Don't Be Stupid. Skip the Red Eye & Get Some Sleep
Why do we worship stupid people? That's what we do as we celebrate the road warrior who jumps off of the red eye into a rental car and zooms down the highway. It's what we do when we cheer the team that kept pulling all-nighters.
Missing just one night's sleep has a noticeable impact on the brain's ability to function, as Dardo Tomasi and his colleagues at the Brookhaven National Laboratory discovered when they took 14 healthy, non-smoking right-handed men and made half of them stay awake through the night. In the morning, both rested and groggy subjects were put through a serious of tests while an fMRI scanner took pictures of their brains to find out how the rested brain differed from the one that was deprived of sleep. They found, not so surprisingly, that the sleepier the subjects, the lower their accuracy in the tests.
But it was the details that were most interesting.
Thinking takes energy.
The scientists found that two key areas of the brain--the parietal lobe and the occipital lobe--were less active in the sleep-deprived participants. The parietal lobe in the brain integrates information from the senses and is also involved in our knowledge of numbers and manipulation of objects. The occipital lobe takes part in visual processing. So both areas are highly engaged in processing visual information and numbers.
The thalamus, on the other hand, was very busy in the sleepy subjects. Scientists hypothesize that the thalamus attempts to compensate for the reduced activity in the parietal and occipital lobes. The thalamus sits at the center of the brain and is responsible for the regulation of consciousness, sleep, and alertness. It was, in other words, working extra hard to stay alert. When you're sleep-deprived, all the energy you might need to solve a hard problem is instead diverted to the challenge of staying awake.
Without sleep, you're making trade-offs.
What these and other studies indicate is that, yes, we can stay awake for long periods of time with little sleep, but what we lose, progressively, is the ability to think. For most of us, work isn't primarily about physical endurance, so mere wakefulness is not enough. We need to think.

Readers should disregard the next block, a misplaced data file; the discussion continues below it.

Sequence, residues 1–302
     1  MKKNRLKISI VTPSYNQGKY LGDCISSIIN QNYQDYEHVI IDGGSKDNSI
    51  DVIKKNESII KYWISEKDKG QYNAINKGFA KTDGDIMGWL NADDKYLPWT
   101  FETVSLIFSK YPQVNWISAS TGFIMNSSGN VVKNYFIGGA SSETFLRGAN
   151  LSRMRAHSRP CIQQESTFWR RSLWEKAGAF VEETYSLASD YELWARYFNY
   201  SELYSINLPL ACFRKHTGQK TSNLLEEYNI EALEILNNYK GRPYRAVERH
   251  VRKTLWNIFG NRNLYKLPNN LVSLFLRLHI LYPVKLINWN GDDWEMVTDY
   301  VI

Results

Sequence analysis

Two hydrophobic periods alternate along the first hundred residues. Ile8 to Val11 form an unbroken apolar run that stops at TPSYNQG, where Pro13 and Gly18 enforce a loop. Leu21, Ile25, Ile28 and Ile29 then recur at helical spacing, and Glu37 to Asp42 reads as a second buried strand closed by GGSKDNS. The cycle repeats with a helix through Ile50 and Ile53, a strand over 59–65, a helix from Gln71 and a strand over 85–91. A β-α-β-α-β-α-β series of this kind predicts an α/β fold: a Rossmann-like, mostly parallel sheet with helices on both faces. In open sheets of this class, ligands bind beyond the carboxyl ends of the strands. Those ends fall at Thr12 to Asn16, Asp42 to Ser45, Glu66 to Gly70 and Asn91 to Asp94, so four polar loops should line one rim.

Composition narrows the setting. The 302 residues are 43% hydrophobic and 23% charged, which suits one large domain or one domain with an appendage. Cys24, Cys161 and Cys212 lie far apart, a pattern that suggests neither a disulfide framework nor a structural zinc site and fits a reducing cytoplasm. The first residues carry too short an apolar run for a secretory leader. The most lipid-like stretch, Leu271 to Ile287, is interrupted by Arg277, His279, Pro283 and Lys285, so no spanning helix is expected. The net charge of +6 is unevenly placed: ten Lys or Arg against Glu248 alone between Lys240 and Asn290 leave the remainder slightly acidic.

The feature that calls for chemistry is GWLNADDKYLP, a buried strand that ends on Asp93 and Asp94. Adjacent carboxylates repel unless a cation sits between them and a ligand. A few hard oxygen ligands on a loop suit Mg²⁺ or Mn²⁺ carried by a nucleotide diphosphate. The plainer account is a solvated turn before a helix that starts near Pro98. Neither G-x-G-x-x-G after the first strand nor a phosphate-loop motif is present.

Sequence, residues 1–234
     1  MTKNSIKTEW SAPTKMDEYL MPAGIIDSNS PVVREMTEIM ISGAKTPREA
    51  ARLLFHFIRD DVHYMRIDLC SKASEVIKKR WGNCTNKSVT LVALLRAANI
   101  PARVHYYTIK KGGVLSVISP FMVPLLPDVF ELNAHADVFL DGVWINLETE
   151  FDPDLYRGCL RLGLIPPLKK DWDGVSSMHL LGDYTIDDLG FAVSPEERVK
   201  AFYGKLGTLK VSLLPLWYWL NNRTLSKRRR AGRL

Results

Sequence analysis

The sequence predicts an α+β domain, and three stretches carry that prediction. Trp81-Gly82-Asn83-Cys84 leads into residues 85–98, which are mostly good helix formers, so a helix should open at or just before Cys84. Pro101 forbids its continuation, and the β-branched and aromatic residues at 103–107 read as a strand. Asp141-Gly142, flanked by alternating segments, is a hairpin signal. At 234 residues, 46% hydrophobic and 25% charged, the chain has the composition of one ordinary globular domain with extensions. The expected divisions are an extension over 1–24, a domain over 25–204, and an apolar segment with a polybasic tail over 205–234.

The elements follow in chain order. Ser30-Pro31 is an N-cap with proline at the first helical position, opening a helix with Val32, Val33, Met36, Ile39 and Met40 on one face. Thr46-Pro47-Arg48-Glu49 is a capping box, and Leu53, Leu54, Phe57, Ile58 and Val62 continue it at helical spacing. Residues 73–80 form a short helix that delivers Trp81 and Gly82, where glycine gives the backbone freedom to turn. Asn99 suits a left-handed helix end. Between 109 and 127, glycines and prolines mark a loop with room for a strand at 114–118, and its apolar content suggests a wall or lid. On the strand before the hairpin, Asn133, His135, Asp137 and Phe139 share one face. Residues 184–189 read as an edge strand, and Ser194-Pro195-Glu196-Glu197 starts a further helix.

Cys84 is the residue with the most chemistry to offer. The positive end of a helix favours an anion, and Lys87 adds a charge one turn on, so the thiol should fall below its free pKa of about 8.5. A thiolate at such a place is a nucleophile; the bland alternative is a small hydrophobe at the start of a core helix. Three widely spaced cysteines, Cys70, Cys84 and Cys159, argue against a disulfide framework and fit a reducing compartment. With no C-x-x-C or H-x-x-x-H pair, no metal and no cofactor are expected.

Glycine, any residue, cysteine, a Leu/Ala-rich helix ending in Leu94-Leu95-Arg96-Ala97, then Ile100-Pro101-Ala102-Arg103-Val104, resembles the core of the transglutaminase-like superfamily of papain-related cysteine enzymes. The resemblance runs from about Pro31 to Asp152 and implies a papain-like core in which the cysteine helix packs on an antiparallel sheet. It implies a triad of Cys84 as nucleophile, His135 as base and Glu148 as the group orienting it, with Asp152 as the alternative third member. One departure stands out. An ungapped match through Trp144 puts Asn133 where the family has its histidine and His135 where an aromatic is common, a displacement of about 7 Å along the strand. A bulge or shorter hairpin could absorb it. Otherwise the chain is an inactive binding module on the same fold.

Sleep deprivation starts to starve the brain. There is a reason why we tend to eat comfort food like donuts or candy when we're exhausted; our brains crave sugar. After 24 hours of sleep deprivation, there is an overall reduction of 6% in glucose reaching the brain. But the loss isn't shared equally; the parietal lobe and the prefrontal cortex lose 12% to 14% of their glucose. And those are the areas we need most for thinking: for distinguishing between ideas, social control, and to be able to tell the difference between good and bad.
What the studies show is that the cost of staying awake is very high. You can turn up when you're tired, but you can't think or be relied upon to make solid or sound decisions. This may go a long way towards explaining bad decisions. It certainly means that when someone comes into work off of the red eye, instead of applauding, you should send them home before they do any damage.
Margaret Heffernan is an entrepreneur and author. She has been chief executive of InfoMation Corporation, ZineZone Corporation, and iCAST Corporation. In 2014, she published her fourth book, A Bigger Prize: How We Can Do Better Than the Competition.